Monthly Archives: October 2016

Million shares in single family rental operator

The initial public offering for Blackstone Group’s single-family rental operator, Invitation Homes, is one step closer to reality, as the company disclosed the terms of its initial public offering on Monday.

Per a filing with the Securities and Exchange Commission, Invitation Homes will offer 77 million shares in its IPO, with an estimated share price of between $18 and $21 per share.

According to a report from Renaissance Capital, a manager of IPO-focused ETFs, Invitation Homes’ IPO will raise approximately $1.5 billion.

Additionally, at the midpoint of the expected price range, Invitation Homes would have a fully diluted market value of $5.9 billion and an enterprise value of $11.8 billion, Renaissance Capital said in its report.

While Invitation Homes is offering up 77 million shares, Blackstone will still be the company’s majority owner once the IPO is concluded.

According to the company’s SEC filing, the IPO will cover 25.49% of the shares in Invitation Homes, while the company’s previous owners will retain 74.51% of the company’s shares.

Another interesting piece of Invitation Homes IPO is the fact that its doing so with the backing of Fannie Mae, as noted in the Wall Street Journal.

From the WSJ report:

Fannie Mae has agreed to backstop up to $1 billion in debt from the country’s largest owner of single-family rental homes, the first time the government-sponsored entity has agreed to guarantee the debt of an institutional owner of single-family houses.

Fannie Mae’s involvement is a sign that it believes homeownership will remain out of reach for many Americans and that Wall Street’s housing wager will be become a long-term business, not just an opportunistic trade made after the foreclosure crisis.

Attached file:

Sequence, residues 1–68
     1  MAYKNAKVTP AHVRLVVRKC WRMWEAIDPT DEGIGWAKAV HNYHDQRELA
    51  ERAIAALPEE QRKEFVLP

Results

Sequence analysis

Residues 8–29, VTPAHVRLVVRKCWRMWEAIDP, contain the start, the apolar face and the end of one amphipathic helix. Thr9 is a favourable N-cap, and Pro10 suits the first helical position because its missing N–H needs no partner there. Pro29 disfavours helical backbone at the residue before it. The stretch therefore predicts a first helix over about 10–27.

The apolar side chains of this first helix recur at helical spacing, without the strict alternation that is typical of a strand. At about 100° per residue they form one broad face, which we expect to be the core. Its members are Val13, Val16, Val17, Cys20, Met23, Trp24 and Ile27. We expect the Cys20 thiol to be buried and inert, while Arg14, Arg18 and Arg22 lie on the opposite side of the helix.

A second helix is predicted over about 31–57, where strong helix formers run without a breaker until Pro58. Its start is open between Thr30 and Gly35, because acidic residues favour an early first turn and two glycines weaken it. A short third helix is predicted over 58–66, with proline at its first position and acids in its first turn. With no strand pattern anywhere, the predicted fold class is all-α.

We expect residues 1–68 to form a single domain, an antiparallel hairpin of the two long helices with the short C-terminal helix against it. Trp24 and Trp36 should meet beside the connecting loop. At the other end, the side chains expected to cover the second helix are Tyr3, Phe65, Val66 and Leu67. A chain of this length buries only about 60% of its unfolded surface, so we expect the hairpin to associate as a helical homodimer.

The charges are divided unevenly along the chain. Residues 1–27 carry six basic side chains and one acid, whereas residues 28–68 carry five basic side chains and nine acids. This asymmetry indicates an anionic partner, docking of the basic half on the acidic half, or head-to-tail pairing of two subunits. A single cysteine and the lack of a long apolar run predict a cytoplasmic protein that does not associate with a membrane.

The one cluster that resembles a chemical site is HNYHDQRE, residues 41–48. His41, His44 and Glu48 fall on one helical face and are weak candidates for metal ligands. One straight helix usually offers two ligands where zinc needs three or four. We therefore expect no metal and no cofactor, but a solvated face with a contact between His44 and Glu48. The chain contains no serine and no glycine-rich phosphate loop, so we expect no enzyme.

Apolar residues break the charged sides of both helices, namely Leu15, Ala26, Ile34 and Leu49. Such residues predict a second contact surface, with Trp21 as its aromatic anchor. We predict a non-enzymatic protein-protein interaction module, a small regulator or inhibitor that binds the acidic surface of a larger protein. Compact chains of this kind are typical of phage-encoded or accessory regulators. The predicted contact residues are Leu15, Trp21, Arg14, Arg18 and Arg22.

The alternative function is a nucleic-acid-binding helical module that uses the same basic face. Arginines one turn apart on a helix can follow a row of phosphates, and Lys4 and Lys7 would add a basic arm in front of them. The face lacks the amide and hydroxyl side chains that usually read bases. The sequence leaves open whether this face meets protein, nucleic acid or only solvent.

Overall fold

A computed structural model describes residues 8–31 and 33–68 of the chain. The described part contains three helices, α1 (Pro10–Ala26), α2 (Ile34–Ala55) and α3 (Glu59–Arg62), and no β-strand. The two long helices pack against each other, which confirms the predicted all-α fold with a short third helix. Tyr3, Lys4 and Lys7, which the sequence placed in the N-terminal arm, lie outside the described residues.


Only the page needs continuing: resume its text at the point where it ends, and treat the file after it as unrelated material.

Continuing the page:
The support represents a shift from about four years ago, when Fannie’s regulator blocked another government-sponsored entity from backing bulk buyers of foreclosed homes. Fannie’s support will likely make it cheaper for buyers like Blackstone to add homes in the future.

As the company’s prospectus notes, Invitation Homes has significantly grown since its founding in 2012.

Invitation Homes now has more than 48,000 homes in its portfolio, making it the largest single-family rental operator in the U.S.

The company has properties in 13 markets, including Atlanta, Phoenix, Seattle, and Tampa.

New app for real estate agents

For real estate agents who are constantly on the go, finding the time to make it to the office to look up details on a property can be a liability. One company created an app that could change that.

CoreLogic, a global property information, analytics and data-enabled solutions provider, launched its RealQuest app that provides real estate and mortgage professionals access to detailed property information, transaction history and neighborhood sales data.

The app gives users access to CoreLogic’s database and search engine which covers 3,100 counties and 99.9% of all U.S. property records. The app is available through iOS (iPhone)devices.

Here are the activities the app allows users to perform:

  • Search by property address, owner name or map
  • Identify all properties associated with an owner
  • Check foreclosure status
  • Validate property value
  • Confirm property ownership
  • Research property transaction history
  • Compare nearby sales